Whose fault is M&S's stagnation?
It is a bit of a cliche (sorry) but the story of retailing over the past six months has in part been the story of the weather.
In the balmy summer, we all went shopping barmy. "Everyone bought expensive food for picnics and bikinis" as one retailing supremo put it to me (I am not sure I did, but I am probably the exception).
Then we worried in the autumn that we had overdone the spending. And there was a warm spell in October, which meant we didn't need winter coats. We tightened our belts - worn over unseasonal t-shirts - again.
From November on, we started spending with renewed vigour, especially on what the analysts call "bigger ticket" items (tablets, TVs and so on) and DIY.
But in the couple of weeks before Christmas, we did not go bonkers on clothing, in spite of huge discounts being offered. And the storms apparently stopped many of us going into the stores on Boxing day.
As for the economics behind all this, there are a lot more people in work, and consumers seem to believe the Bank of England that interest rates are staying low.
So for those working for the first time in ages, there's a bit more money available. And in general households are saving less and spending more, even though their disposable incomes are still squeezed (and see my blog from earlier today).
Also, there's that humungous industrial trend of online shopping continuing to grow like the clappers, while the High Street treads water (at best).
When you put all that together, it means that the giant retailers we used to think of as bellwethers for the economy are anything but bellwethers. I am thinking of Tesco (of which more before long) and that ghost of Christmases past, Marks & Spencer.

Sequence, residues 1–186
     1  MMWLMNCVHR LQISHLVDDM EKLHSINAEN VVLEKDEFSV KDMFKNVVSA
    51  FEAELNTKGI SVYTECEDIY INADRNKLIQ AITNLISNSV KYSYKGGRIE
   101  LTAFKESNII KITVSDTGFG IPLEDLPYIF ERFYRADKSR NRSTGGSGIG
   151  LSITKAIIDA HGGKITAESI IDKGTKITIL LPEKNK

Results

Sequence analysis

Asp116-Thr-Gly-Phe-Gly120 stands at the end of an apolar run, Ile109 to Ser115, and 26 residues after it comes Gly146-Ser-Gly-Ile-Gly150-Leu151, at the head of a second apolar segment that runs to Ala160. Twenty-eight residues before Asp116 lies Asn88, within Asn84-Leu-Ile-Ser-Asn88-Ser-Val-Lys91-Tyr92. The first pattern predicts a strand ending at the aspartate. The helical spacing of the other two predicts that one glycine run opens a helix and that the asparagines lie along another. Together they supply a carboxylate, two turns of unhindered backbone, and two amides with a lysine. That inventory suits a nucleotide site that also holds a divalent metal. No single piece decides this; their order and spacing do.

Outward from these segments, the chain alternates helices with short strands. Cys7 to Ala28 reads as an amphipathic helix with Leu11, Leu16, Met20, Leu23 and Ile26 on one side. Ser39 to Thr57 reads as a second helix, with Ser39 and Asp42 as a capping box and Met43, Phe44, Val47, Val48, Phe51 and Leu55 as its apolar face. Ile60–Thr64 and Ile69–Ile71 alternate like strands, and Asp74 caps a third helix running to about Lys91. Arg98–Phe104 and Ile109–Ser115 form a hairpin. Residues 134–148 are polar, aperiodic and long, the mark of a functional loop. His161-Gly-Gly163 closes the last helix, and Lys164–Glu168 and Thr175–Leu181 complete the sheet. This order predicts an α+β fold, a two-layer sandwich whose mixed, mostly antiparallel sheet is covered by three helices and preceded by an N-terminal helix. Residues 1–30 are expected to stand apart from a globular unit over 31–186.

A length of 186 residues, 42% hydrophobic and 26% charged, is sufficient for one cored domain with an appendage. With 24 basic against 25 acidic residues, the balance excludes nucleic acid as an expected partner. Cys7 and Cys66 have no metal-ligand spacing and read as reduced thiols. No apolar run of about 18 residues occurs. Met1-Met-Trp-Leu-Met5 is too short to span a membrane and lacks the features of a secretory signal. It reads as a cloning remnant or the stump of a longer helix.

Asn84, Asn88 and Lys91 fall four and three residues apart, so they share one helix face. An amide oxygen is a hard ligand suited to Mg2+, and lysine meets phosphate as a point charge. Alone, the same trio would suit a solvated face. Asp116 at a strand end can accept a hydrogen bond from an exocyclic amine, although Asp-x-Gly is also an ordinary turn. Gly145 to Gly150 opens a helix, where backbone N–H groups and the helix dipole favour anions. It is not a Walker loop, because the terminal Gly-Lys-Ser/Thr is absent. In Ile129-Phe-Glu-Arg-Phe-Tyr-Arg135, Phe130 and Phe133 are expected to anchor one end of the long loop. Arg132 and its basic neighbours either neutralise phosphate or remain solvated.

What of Christmas present? Well it is pretty clear Marks & Spencer has performed much worse than investors were hoping and expecting.
The recent fall in its share price implies underlying or like-for-like sales of clothes and general merchandise in recent weeks have dropped at least 1.5%, compared with analysts' forecasts of just a modest drop.
Meanwhile profitability has been marred by the rampant discounting - including its own - that took place in the fortnight before Christmas.
Is it that M&S's kit is still not what the punters want?
Bolland has a year
However my understanding is that M&S's board is giving the chief executive Marc Bolland the benefit of the doubt - which is another way of saying that he has another year to sort this out.
Perhaps the biggest structural weakness of M&S relative to that long-running thorn in its side, Next, is M&S's much smaller online business.
When I first started writing about Next as a new challenger to M&S in 1985 (I was a cub reporter probably wearing Next shorts), I did anticipate that one day Next would be the daddy (monkeys and typewriters, perhaps).
But it still comes as a shock that Next's market value today is 30% greater than Marks's and that it is on course to make bigger profits than its lumbering and venerable rival.
One interesting question is the extent to which Next benefits from its expertise - built up from its strong position in online and home shopping - in selling on credit.
If we are more minded (perhaps unwisely) to borrow to buy again, those companies with a history in home shopping, more confident about making rapid credit assessments (like Next, not like M&S) would tend to be beneficiaries, at least in the shorter term.